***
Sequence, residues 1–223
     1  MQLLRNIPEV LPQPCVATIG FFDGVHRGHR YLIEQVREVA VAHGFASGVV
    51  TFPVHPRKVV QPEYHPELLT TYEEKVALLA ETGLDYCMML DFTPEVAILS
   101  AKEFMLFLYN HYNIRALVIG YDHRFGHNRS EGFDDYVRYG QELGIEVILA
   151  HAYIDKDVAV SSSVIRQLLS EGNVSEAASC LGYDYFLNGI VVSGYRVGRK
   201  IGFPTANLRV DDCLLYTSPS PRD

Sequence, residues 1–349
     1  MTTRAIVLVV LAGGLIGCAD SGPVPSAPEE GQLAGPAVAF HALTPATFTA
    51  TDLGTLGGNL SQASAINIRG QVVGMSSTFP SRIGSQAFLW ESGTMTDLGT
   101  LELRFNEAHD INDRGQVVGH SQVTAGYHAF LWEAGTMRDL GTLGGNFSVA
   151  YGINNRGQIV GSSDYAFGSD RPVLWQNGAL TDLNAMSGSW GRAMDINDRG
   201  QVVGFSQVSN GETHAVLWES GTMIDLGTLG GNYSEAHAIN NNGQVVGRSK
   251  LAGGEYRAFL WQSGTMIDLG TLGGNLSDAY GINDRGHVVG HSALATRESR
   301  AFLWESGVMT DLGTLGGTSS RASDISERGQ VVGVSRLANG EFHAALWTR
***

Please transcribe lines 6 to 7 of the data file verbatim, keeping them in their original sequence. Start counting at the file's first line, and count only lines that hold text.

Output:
   201  IGFPTANLRV DDCLLYTSPS PRD

Sequence, residues 1–349